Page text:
Africa is refuting the usual economic pessimism
Published by The Wall Street Journal (16th April, 2014)
The terrorist bombing that killed 71 people in Nigeria’s capital Monday morning abruptly turned attention from what had been remarkable news. Nigeria became briefly the world’s fastest-growing economy following an overnight transformation on April 6 when the West African nation discovered that its economy had almost doubled in size, with a gross domestic product of $510 billion in 2013. Africa’s most populous country suddenly also has by far the continent’s biggest economy (South Africa’s GDP trails at $384 billion) and has jumped 12 places in global rankings, landing just short of the G-20.
This transformation was achieved by the magic of statistics rather than by any economic miracle, based on the modernization of data collection. While most developed countries reset calculations of GDP about every five years to reflect changes in consumption, Nigeria had failed to do so since 1990. So previous figures excluded the explosion in mobile telecoms in Nigeria, despite 128 million subscribers, and a fast-expanding entertainment sector that is its second-biggest employer.
The gruesome bombing captured headlines, of course. Nigeria faces a grinding struggle against the Islamist terror group Boko Haram, the likely perpetrators of Monday’s carnage in Abuja. But it would be a shame if the explosion overshadowed the pace of change in Nigeria, which reflects a broader economic transformation under way in much of Africa.
For too long, a self-serving alliance of Western aid groups, politicians and journalists presented sub-Saharan Africa as a dangerously failed place in need of outside salvation. They offered only corrosive images of conflict, poverty and disease, leaving tourists scared to visit and making fearful businesses slow to engage. The real story is rather different: It includes the stuttering spread of democracy, impressive economic growth and a continent that now has more people who are overweight than go to bed hungry each night.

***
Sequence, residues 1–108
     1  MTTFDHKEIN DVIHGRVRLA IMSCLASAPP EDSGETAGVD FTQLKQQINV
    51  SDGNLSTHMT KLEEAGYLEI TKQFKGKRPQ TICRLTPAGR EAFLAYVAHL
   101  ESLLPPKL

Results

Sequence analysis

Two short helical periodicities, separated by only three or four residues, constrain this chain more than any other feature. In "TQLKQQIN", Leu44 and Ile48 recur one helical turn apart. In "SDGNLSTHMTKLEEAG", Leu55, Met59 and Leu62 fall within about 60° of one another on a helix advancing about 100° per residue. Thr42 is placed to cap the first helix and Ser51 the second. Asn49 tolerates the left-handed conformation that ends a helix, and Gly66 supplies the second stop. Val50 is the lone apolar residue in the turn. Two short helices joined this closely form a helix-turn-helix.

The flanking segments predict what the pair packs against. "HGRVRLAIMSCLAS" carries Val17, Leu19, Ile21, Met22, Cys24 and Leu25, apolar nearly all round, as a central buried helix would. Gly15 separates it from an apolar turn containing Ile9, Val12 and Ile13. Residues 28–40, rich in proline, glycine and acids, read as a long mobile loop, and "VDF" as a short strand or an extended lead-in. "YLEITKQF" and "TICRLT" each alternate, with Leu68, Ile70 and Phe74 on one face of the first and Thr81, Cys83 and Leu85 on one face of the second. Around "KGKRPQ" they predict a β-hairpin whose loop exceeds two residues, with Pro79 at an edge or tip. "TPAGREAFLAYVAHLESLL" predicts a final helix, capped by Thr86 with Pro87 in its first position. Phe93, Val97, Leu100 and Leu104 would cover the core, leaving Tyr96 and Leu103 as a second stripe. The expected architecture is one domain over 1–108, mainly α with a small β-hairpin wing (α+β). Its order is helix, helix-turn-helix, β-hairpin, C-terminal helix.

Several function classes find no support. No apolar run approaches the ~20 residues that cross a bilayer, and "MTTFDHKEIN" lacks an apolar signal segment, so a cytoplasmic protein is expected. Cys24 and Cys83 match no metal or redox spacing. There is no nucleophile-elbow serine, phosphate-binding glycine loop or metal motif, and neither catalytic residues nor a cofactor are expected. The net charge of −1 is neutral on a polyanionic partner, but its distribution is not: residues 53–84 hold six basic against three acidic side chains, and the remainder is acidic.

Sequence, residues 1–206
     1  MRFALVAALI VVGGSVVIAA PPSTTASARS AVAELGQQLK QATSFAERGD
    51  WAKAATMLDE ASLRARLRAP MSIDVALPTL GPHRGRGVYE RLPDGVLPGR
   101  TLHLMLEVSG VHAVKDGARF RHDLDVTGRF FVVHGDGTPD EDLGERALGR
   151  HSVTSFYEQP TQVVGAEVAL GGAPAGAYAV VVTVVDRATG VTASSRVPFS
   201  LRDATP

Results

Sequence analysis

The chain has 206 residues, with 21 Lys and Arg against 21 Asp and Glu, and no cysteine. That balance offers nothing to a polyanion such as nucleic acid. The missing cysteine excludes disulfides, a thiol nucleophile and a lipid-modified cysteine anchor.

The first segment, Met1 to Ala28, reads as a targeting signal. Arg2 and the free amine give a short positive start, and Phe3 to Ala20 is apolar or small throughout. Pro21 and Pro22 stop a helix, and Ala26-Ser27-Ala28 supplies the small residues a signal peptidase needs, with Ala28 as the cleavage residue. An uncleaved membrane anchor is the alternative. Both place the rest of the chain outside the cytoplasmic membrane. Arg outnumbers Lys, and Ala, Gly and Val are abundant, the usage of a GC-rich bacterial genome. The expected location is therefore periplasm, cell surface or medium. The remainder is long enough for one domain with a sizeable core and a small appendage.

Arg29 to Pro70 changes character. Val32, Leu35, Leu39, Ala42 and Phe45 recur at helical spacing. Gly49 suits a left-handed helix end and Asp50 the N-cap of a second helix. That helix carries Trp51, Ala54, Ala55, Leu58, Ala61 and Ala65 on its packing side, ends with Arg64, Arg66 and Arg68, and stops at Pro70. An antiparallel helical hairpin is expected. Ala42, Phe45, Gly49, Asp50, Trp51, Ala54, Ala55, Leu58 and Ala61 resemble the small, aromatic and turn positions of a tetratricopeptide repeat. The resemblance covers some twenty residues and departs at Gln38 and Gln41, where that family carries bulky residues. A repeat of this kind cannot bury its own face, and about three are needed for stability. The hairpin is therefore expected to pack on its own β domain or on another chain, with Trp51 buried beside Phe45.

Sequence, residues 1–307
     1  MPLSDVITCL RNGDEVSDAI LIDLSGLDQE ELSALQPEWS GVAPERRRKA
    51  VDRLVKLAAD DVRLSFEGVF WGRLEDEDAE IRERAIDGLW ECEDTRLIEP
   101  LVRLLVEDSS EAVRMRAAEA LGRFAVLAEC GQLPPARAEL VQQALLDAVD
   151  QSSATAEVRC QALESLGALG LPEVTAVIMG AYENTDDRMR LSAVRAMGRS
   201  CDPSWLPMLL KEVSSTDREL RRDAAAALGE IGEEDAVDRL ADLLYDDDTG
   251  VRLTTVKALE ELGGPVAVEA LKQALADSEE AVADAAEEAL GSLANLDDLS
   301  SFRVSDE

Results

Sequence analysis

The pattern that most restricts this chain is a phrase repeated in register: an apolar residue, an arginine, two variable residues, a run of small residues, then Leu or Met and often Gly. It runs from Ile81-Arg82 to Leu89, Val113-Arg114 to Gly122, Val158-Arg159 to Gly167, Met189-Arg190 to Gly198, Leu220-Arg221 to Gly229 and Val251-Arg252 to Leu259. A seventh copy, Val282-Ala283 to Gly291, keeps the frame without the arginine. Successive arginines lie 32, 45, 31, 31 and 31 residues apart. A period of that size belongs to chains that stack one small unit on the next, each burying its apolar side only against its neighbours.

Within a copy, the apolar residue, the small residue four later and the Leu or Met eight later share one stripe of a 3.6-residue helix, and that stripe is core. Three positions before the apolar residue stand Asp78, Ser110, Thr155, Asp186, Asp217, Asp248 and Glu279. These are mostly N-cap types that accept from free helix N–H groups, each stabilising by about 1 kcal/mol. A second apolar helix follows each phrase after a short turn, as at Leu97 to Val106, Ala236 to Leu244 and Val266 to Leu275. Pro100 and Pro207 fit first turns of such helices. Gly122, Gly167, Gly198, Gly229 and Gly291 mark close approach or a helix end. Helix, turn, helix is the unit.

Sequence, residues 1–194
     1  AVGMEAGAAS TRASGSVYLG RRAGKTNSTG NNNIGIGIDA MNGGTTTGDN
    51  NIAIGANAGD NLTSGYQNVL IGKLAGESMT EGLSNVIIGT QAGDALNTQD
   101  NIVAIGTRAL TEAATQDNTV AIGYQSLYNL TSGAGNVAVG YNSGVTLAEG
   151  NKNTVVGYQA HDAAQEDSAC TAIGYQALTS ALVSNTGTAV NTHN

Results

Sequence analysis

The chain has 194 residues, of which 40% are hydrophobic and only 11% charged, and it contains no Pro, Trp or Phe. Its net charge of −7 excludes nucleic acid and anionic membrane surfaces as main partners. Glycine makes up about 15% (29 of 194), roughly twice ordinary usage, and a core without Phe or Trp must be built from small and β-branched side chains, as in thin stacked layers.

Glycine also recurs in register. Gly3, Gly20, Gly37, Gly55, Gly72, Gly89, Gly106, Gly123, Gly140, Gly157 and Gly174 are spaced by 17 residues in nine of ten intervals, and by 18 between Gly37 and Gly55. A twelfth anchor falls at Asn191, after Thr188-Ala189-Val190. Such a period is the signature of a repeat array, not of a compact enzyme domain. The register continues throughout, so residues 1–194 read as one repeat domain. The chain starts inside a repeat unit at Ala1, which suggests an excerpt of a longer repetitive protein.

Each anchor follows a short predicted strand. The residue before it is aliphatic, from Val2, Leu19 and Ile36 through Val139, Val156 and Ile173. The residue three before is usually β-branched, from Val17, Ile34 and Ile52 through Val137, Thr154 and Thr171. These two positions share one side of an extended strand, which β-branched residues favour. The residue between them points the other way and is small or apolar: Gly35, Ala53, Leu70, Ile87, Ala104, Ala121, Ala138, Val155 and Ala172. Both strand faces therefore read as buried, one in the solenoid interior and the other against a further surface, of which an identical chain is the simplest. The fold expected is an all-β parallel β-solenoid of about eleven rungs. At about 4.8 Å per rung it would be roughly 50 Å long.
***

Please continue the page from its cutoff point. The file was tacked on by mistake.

Nigeria, which accounts for one-quarter of Africa’s economy, underlines this complex new narrative. It is a remarkably entrepreneurial nation, perhaps one legacy of political failures and state inadequacies. The huge increase in GDP was largely driven by a thriving service sector and, increasingly, by manufacturing. Africa’s richest man, Aliko Dangote, is a Nigerian cement and food supplier. The oil and gas industries that traditionally propped up the economy contribute only 14% of GDP.
The country remains scarred by sectarian conflict, stymied by corruption and riven with poverty. Although Nigeria now has the world’s 24th-largest economy, its estimated 170 million people remain outside the top 100 in GDP per capita, and the rebased GDP figures reveal worryingly low tax revenues. But the superrich have made it Africa’s biggest market for private jets, and an emerging middle class fuels one of the world’s fastest-growing markets for champagne and cognac. Meanwhile, its dynamic movie industry, known as “Nollywood,” turns out 1,000 films a year and has the world’s third-highest revenues behind the U.S. and India.